In addition, if one believes that it is right to take a certain percentage of the fruits of a man’s labor through property taxes, why not take all of it for use in education? Undoubtedly there would be great achievements in education if this were done: modern schools, highly paid teachers and administrators, and thus “better educated” students. Similarly, why force an individual to attend school for only eleven years? Wouldn’t it be far better if the government would force all persons to go to school all of their lives? Americans would truly be the most educated people in the world!

The Parent or the State?

Unquestionably the central issue is quite simply whether the parent or the state should exercise ultimate control and responsibility for the upbringing of the child. There is no middle ground on this question, as no third party has ever been proposed or found with the authority to seize and rear the child. I would contend that the parents are the natural overseers of the child. They are the literal producers of the child and are thus bound to him with ties of love as well as responsibility. Who else but the parents know best the individual interests and needs of their children?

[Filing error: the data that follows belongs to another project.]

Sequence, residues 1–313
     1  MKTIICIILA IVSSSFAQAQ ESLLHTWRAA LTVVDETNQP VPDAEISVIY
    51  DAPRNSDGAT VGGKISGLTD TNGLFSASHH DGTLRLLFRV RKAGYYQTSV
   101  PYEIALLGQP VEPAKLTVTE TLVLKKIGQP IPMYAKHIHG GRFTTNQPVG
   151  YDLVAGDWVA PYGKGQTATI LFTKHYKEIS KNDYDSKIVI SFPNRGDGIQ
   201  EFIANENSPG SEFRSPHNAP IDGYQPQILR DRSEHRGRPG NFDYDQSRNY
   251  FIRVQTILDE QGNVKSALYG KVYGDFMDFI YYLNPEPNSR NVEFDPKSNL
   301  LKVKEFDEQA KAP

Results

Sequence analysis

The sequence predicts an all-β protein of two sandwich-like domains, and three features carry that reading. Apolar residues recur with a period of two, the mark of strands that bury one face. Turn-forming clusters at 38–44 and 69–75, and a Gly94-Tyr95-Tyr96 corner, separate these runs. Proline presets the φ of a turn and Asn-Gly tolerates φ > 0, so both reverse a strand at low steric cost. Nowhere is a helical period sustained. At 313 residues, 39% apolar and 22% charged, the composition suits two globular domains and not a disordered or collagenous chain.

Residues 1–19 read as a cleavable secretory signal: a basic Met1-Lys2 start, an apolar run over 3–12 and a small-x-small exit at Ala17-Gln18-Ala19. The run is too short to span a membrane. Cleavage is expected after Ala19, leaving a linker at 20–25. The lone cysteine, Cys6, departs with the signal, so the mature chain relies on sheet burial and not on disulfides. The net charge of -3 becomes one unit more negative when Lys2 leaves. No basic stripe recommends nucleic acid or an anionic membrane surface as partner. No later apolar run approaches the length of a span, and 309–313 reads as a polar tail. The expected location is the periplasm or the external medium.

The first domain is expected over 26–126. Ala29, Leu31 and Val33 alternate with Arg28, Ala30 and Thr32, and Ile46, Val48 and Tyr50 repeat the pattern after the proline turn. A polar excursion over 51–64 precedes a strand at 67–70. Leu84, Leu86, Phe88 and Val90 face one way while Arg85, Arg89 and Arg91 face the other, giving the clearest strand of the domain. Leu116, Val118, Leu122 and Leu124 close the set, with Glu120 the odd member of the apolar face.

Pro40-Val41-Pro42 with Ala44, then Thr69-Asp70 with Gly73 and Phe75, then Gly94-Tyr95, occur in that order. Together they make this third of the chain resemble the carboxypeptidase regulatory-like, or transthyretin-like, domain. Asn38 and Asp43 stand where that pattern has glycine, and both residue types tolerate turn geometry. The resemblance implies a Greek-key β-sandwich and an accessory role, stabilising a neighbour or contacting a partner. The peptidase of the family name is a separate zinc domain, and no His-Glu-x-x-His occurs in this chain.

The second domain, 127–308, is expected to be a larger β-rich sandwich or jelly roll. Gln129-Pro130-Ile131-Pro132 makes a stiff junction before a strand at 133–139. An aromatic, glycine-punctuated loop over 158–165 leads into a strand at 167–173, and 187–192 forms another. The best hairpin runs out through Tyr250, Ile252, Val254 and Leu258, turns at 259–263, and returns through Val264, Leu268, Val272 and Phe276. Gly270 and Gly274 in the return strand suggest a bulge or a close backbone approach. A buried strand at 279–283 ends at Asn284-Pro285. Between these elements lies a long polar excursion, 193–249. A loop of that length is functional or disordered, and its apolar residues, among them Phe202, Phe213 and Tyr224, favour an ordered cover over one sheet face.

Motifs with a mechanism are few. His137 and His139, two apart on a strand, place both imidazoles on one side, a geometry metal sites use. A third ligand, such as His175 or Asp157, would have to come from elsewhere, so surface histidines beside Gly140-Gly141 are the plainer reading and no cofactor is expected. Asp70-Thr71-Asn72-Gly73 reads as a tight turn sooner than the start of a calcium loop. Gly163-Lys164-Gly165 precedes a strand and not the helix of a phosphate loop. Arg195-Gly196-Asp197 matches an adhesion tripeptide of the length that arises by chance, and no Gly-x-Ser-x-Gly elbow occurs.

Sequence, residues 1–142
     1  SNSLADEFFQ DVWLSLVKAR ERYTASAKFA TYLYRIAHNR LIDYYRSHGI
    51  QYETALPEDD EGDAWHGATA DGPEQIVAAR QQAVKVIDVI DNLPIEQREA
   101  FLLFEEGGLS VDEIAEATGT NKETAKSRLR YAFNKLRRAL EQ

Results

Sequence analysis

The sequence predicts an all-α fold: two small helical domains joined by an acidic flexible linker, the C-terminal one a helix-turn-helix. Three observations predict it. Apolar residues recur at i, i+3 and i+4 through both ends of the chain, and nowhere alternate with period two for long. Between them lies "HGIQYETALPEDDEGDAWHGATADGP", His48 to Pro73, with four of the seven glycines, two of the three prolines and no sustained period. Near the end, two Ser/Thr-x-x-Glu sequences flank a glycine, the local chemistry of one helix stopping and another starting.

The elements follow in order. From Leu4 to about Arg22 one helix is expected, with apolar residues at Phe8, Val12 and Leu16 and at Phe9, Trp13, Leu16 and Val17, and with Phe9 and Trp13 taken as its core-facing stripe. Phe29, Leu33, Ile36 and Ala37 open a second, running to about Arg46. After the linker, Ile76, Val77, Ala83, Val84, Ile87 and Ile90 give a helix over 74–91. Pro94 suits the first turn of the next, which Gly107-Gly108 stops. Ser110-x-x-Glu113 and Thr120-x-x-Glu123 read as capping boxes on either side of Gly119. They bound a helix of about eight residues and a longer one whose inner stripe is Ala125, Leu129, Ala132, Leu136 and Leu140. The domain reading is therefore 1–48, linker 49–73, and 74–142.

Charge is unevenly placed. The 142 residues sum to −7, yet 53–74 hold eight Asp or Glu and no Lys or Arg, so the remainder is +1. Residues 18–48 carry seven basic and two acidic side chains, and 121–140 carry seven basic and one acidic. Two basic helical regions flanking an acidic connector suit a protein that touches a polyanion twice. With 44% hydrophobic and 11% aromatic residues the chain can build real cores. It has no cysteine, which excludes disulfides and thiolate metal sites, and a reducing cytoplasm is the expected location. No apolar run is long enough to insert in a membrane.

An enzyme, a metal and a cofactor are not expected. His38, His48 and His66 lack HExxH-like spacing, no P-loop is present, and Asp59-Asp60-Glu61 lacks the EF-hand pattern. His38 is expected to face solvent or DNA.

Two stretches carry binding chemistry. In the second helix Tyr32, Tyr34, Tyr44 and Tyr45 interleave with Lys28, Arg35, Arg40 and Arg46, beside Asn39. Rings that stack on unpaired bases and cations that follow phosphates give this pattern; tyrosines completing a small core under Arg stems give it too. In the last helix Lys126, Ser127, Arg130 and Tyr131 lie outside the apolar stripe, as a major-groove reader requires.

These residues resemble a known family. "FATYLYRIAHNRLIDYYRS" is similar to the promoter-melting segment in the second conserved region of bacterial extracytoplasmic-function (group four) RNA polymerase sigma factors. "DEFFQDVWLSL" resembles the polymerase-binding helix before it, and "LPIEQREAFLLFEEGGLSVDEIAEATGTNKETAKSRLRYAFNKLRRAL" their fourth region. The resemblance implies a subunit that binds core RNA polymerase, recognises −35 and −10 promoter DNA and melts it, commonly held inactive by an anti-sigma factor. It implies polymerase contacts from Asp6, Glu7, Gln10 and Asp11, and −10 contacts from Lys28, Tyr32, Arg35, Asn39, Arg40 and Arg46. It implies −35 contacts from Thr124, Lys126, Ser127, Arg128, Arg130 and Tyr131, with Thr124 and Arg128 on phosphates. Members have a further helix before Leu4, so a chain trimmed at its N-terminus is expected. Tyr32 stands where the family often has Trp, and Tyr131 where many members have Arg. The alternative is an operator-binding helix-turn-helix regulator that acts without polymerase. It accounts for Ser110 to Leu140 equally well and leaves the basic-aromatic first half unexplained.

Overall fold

The alternative to parental responsibility is state control. What are the results of this alternative? Again it is helpful to analyze the nature of private versus government management of certain undertakings. As we have pointed out, it is inherent in the nature of a bureaucracy to be inefficient and unresponsive to consumer demand. Government must seek to impose a uniform set of rules throughout its jurisdiction. If it did not, surely the people would charge discrimination and special privilege. All taxpayers must be treated alike. Such is the predicament of the public school bureaucrat. In deciding the exact pattern of formal schooling in his area, he must choose between different, and often controversial, alternatives. Should the schools stress liberal arts or vocational training? socialism or free enterprise? religion or secularism? Should they be integrated or segregated? Certainly there will always be at least some parents and students who will not receive the type of education they desire. Hence, the inevitable conflict which is inherent in any system based on force. The more that government decisions replace private decision-making, the more the various groups of parents will be at each other’s throats in order to supplant standards with their ideas of proper methods.